Reviewed by Marnie Mueller (Ecuador 1963-65)
Soon after I agreed to review Martha J. Egan’s new book, Relicarios, the Forgotten Jewels of Latin America, I had second thoughts about doing it. How could I, who have strong political opinions about the Conquest of Latin America by Spaniards and the consequent oppression of indigenous populations, be open enough to the material to give it an objective consideration? I still vividly recall arriving in the colonial city of Quito, Ecuador in March of 1964, where I witnessed the subjugation of Indians in the streets, soon discovering that they were literally considered untouchables, as they reflexively covered their hands with their ponchos if I reached out to shake theirs. It was caste-mandated that they do so.
Still, I went forward with this review, propelled by curiosity, wondering why a Peace Corps Volunteer of my era in Latin American would want to write such a book. How glad I am that I did so.
Egan’s glorious discourse arrived at my doorstep just before election day. A door-stopper. A heavy package measuring almost one-foot-by-one-foot, and weighing in at just under four pounds. When I pulled it from its packaging, one of the most beautiful books I’ve ever held in my hands emerged, with its glossy black dust jacket and title in scarlet lettering, images of relicarios on the front and the back, and inside, page after page illustrated with hundreds of the resplendent religious objects of the title, masterfully printed in Italy.
Egan spent forty years researching the history of European religious reliquary and its journey from Spain to the Americas. As I read the text and examined the illustrations, I was reminded of the role 17th Century Japanese netsuke, miniature objects sculpted from tagua nuts, played in the telling of history in Edmund de Waal’s memoir, The Hare with Amber Eyes, of Jews in Vienna during World War II. Egan’s equally impressive narrative can be read as the linkage of objects and political history in the centuries’ long influence of Spanish culture, art, and the Catholic Church, in the conquest of Latin America, of both Meso and South America. In her revelatory, intellectual journey, Egan also demonstrates the cross-fertilization and impressions on the Spanish hierarchy, of Incan, Mayan, Andean high craftsmanship, artistry, and centuries of established religious rituals.
Egan was intrepid in her research. She exhaustively scoured the archives and primary sources to learn how the original European artifacts came to the Americas and how they were transformed in the process. She read historical, personal, religious, and curatorial documents. She found records on ship manifests, in the bookkeeping records of pawn shops, in wills, dowry documents, sales receipts, in letters home from Latin America, in museum files, in private domains, and in personal jewelry boxes. She spoke with current artisans, descendants of Spanish ancestry, and Andean heritage. She read the work of a multitude of scholars and curators; her bibliography is long and a gift to future researchers.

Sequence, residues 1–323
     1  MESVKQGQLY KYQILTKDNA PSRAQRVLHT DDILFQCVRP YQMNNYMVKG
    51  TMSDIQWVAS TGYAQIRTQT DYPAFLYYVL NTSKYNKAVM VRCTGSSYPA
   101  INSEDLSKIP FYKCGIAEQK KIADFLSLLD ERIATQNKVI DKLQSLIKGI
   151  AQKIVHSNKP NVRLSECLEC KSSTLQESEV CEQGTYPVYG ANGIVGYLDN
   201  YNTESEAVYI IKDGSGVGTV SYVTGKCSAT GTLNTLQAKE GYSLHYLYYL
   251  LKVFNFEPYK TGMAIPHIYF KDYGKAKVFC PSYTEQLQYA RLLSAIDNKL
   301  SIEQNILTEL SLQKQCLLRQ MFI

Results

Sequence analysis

We learn how these sacred items were early on seen as protection on the dangerous trip across the oceans. People flung relicarios into the sea to calm the seas during storms. We are told that many of the first Spaniards to come to the Americas were fleeing their own oppression in the land of their birth. When Christopher Columbus set sail in 1492, Jews were being expelled from Spain. They could leave or be converted. As Egan explains, many Jews adopted Christian traditions, but kept their Jewish cultural beliefs and practices. Her evidence? Flip over the wax Agnus Dei medallions, a form of relicarios, and find on the back-side menorahs and other Jewish symbols. Reading that, I began to see how through these relics, a more multifaceted story of the Conquest than I had supposed was unfolding before me.
An example of the complexity and complicity of the church in the conquering of Latin American and its people is found in the artistic exchange between the Spaniards and the indigenous populations. The Spaniards early on recognized the level of high skill among pre-Columbian Mesoamerican Indian artisans; the indigenous were such sophisticated woodworkers, stone-sculptors, painters, weavers, ceramicists, and gold and silver smiths, that the Spaniards became envious of their abilities and their industriousness. So intimidated were the Spaniards that they destroyed, as Egan reports, “all they could find.” Though too late to save the extraordinary work for posterity, the conquistadors soon realized they had no choice but to heavily utilize and rely on these artisans in the production of the popular manifestations of the church in order to pacify people and bring them into the fold. They needed an abundance of objects to proselytize among the conquered. As Egan explains, “Religious-themed art was the principle means by which the priests taught pre-literate Indigenous people about Christianity, inspired devotion, and transmitted European values.” The gifts of relicarios, crosses, and medals served the role of modern comic books missionaries later would use to help convert populations.